Who is the "1 percent?" In Louisiana, it's a household earning at least $318,393 per year.
A new report from the left-leaning Economic Policy Institute offers easy-to-read data on income inequality (the unequal distribution of income among people who are making money) throughout the U.S., examined by state, city and metropolitan area.
Authors Estelle Sommeiller and Mark Price echo the conclusion of many other economists: in most states and nationwide, incomes for a very small group of households are growing much faster than incomes for the remaining 99 percent of households. In nine states, just 1 percent of families has captured half or more of all income growth since the Great Recession.
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"This analysis finds ... that there has been vast and widespread growth in income inequality in every corner of the country," the authors write. "The top 1 percent has steadily captured a growing share of the benefits of America’s economic growth, with the share of all income going to the top 1 percent moving closer in 2015 to its 1928 peak."
Some national trends don't hold up in Louisiana. Since the Great Recession, the state's 1 percent has captured a much smaller proportion of income growth than almost anywhere else in the country (only 3.7 percent, compared to a national average of 41.8 percent). The state also contains the metro area with one of the nation's smallest gaps between the incomes of the 1 percent and the 99 percent, in Fort Polk South near the Texas border.
Overall, the report finds that Louisiana is the 33rd most unequal state, where the top 1 percent of families makes 18.1 times what the bottom 99 percent of households does. Just 1 percent of families scoops up 15.4 percent of the state's income. The average annual income for the top 1 percent of households in the state is $814,386; average wages for everyone else are $41,600.
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State-level findings highlight Orleans Parish as the most unequal parish in the state, where the top 1 percent of earners makes 29 times more than the bottom 99 percent. The average income for the top 1 percent in the parish is $1,200,767 (yes, that's seven figures) to the 99 pecent's $41,434.
It's the 97th-most unequal of all counties or parishes nationwide.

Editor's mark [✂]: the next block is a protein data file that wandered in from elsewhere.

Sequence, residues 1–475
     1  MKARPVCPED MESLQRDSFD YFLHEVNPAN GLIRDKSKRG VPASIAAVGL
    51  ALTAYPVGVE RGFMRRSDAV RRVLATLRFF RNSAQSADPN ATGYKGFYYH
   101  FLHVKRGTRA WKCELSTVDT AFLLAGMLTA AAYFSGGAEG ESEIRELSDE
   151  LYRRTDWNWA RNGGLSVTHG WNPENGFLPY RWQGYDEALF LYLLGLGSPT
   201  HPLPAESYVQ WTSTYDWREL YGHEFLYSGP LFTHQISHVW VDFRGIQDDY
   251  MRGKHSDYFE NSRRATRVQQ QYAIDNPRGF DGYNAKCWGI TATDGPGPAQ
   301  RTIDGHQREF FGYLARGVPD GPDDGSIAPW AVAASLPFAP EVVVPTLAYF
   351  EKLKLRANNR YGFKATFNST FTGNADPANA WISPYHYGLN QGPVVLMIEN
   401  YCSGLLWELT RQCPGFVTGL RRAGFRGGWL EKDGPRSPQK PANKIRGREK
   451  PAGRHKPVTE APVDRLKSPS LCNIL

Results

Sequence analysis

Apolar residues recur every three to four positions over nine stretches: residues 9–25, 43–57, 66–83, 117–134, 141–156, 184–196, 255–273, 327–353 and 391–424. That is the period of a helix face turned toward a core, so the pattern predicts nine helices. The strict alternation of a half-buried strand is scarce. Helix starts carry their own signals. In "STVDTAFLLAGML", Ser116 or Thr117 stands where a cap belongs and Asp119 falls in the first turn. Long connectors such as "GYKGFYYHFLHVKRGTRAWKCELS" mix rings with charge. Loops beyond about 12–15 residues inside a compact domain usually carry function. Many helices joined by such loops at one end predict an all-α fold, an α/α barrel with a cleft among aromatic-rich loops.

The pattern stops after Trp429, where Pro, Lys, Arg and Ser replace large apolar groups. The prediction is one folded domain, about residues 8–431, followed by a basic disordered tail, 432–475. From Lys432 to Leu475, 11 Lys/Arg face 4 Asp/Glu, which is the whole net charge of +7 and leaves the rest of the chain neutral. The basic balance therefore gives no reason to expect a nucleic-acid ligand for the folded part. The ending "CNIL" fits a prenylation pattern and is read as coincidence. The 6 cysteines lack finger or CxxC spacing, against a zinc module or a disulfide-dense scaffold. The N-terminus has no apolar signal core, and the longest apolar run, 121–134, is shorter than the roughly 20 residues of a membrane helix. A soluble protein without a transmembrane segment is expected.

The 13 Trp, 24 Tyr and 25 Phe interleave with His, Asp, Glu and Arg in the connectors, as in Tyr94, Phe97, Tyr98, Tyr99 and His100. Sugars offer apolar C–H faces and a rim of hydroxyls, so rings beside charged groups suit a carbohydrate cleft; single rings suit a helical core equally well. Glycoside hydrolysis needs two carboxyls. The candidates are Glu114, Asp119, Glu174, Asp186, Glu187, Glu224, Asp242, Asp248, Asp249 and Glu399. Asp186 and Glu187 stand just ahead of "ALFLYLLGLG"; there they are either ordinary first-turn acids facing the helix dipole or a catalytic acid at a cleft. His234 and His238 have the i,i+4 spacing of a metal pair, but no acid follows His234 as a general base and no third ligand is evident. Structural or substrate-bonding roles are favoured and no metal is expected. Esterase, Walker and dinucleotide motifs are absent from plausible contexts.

The report also identifies the most unequal metropolitan area in the state (Opelousas, where the 1 percent makes 26.5 times the income of the bottom 99 percent of earners). There, the 1 percent averages $1,041,641 in income to the 99 percent's $39,244.
The New Orleans-Metairie metropolitan area is the 148th-most unequal in the country. The Jackson, Wyo. area, several metropolitan areas in Florida and Bridgeford-Stamford-Norwalk in Connecticut earn the top spots.
Sommeiller and Price write that these trends are happening for a few reasons: the decline of unions and collective bargaining, the decreased purchasing power of the minimum wage, policies (such as last year's tax reform package) whose benefits accrue mostly to the already-fortunate and spikes in the pay of the highest-paid professionals.
"Policy choices and cultural forces have combined to put downward pressure on the wages and incomes of most Americans even as their productivity has risen," they write. "As a result, CEOs and executives at the commanding heights of the private economy have appropriated a rising share of the nation’s expanding economic pie."
The authors also attribute expanding inequality to a rise in income that is linked to assets, such as real estate or financial investments. What this ultimately means is that those born rich are more likely to remain rich, and vice versa: those born poor are increasingly likely to stay that way.
The report characterizes this as a "new Gilded Age," and specifically points to recent changes to overtime rules, the end of a rule that required bankers to act in their clients' best interests and other recent court decisions and policy moves that continue to contribute to income inequality, even as the economy improves overall.
"All of these actions are a step in the wrong direction if the country is going to shrink the gap between those at the top and everyone else," the authors write.
"Reinventing America as a land of widespread opportunity requires economic policy that aims to ensure every child has access to adequate food, shelter, health care, child care, and education — whether that child is the daughter of a janitor or the son of a real estate tycoon."